Lastly, what advice do you have for first-time founders?
We like to say the Paul Graham’s essays (Founder, YC) are our old testament. It affected how we came up with the idea and we lived by so many of his essays (Berg’s favourite ones are linked in the next section) so some of my advice echoes them.
1. Have 3 co-founders for tie-breaking during decisions
Also, really understand what everyone’s strengths are, but much more importantly their weaknesses. For example, I am quite organizationally weak but my CTO [Alexander] is organizationally strong. He does even the smallest things like organizing the cords in our meeting room. His forgiveness of my weaknesses and accepting me for my strengths in other things, enables me to shine at what I’m good at.
2. Founder relationships are like marriages, and they always require work
I think the co-founder relationship is very similar to a marriage. I’ve been to a few marriages recently so I’ve been hearing officiants say things like, “Do you take this person in sickness and in health?” That’s basically the equivalent of saying, “This marriage is going to be tough and what you’re saying in front of your family is, you’re going to work on it instead of just ditch.” I think that spirit needs to be there in a co-founding relationship. Things are going to be tough, you’re not going to get along 100% of the time, and the only way it’s going to work is if you work on the relationship.
3. Accept or reject advice based on its source
Andrew Tai (Founder, Motoinsight) is an entrepreneur I really admire and he recommended a famous passage from a Teddy Roosevelt speech called “The Man in the Arena”. The main idea is it’s 0 and 1 in terms of the amount of courage it takes to be a critic compared to someone who is actually in the arena, fighting for their life, and maybe losing or winning. In other words, you should heavily discount advice you get from people who aren’t in your (or any) arena. Many advisors and investors have made their money elsewhere, and they may have not actually built startups themselves. There’s an unlimited number of people who want to give you their opinions so you really need to understand where the advice comes from.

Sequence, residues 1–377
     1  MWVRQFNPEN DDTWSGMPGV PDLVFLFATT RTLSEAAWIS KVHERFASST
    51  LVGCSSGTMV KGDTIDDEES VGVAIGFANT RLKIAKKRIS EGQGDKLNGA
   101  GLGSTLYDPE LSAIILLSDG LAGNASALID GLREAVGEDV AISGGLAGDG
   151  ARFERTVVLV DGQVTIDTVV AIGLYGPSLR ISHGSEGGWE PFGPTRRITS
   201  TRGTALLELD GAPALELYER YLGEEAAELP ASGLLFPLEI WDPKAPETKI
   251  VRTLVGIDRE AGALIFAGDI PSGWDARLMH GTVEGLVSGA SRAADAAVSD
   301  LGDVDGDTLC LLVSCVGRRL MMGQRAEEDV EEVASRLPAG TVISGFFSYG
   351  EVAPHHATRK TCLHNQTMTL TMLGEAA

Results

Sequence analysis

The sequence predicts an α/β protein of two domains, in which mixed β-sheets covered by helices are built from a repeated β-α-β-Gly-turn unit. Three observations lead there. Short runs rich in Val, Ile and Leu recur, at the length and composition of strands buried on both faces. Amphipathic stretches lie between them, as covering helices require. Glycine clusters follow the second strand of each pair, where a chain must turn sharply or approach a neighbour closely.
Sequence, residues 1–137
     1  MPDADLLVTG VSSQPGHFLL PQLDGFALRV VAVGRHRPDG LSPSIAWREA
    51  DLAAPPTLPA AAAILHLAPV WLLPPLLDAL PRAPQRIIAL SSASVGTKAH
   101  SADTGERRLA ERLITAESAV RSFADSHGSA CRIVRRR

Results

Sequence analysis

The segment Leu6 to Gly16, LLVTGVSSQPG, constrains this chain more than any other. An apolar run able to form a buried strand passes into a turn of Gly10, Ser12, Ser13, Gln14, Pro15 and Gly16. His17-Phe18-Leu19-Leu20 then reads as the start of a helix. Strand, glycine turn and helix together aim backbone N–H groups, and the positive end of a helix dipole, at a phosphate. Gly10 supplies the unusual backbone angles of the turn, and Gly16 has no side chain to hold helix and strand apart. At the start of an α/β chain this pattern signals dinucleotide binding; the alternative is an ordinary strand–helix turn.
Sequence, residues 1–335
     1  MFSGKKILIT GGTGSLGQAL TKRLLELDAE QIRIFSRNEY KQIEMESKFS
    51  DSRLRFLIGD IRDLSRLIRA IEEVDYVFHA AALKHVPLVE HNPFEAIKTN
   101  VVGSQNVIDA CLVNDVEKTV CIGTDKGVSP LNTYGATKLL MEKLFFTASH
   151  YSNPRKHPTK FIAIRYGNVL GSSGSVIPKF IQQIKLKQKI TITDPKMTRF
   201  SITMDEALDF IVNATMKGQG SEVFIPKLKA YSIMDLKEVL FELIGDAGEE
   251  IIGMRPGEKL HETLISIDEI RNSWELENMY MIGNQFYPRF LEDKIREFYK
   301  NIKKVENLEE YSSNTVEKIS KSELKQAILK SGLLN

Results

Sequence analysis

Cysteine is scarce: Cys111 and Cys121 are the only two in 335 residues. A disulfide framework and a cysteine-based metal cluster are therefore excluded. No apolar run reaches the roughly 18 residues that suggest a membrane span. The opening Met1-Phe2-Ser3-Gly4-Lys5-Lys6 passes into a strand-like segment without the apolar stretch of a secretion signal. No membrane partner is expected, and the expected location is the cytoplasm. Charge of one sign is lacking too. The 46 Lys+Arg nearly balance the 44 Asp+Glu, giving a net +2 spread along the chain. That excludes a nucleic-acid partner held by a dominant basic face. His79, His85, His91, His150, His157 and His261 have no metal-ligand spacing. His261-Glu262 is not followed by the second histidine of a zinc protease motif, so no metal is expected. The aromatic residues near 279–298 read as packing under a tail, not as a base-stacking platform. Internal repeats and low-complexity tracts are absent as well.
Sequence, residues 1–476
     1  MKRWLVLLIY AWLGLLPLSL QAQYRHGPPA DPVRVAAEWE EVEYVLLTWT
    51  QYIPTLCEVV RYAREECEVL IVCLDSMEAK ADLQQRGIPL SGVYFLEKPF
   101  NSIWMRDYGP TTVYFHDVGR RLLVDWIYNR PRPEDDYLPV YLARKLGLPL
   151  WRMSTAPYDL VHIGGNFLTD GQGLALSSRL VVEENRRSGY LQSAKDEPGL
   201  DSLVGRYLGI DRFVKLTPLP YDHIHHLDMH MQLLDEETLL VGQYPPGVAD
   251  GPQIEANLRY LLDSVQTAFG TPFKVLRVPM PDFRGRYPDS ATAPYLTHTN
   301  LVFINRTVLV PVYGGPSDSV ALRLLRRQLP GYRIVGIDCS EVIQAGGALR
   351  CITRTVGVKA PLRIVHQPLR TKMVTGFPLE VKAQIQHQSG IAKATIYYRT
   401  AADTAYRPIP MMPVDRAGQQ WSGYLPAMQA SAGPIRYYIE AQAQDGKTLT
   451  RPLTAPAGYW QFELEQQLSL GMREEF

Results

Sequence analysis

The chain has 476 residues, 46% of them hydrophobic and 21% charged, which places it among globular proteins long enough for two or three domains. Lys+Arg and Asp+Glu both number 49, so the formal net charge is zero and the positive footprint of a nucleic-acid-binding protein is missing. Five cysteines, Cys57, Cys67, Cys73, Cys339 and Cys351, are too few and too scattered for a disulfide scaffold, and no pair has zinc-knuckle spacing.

Radical Candor offers a guide to those bewildered or exhausted by management, written for bosses and those who manage bosses. Taken from years of the author’s experience, and distilled clearly giving actionable lessons to the reader; it shows managers how to be successful while retaining their humanity, finding meaning in their job, and creating an environment...
Ego Is the Enemy draws on a vast array of stories and examples, from literature to philosophy to history. We meet fascinating figures such as George Marshall, Jackie Robinson, Katharine Graham, Bill Belichick, and Eleanor Roosevelt, who all reached the highest levels of power and success by conquering their own egos. Their strategies and tactics can be ours as well.
The essays that Berg recommends are "How to Get Startup Ideas" and "What We Look for in Founders".
Consider another metaphor—one that Reed Hastings, the CEO of Netflix, introduced in a famous presentation on his company’s culture. Hastings stated, “We’re a team, not a family.” (excerpt from article)
"The Man in the Arena" tells us that the man we should praise is the man who’s out there fighting the big battles, even if those battles end in defeat. In our day, when cynicism and aloof detachment are considered hip and cool, TR reminds us that glory and honor come to those “who spend themselves in a worthy cause.” (The Art of Manliness)
Daring Greatly is not about winning or losing. It’s about courage. In a world where “never enough” dominates and feeling afraid has become second nature, vulnerability is subversive. Uncomfortable. It’s even a little dangerous at times. And, without question, putting ourselves out there means there’s a far greater risk of getting criticized or feeling hurt.
I read this book when I was working a cubicle job- I wasn’t thinking about being an entrepreneur at that time and it really pushed me in that direction. It’s largely about company culture: how to retain and develop talent, think about people’s happiness and their motivations, etc. Hsei’s company, Zappos, has really high retention and a highly engaged workforce...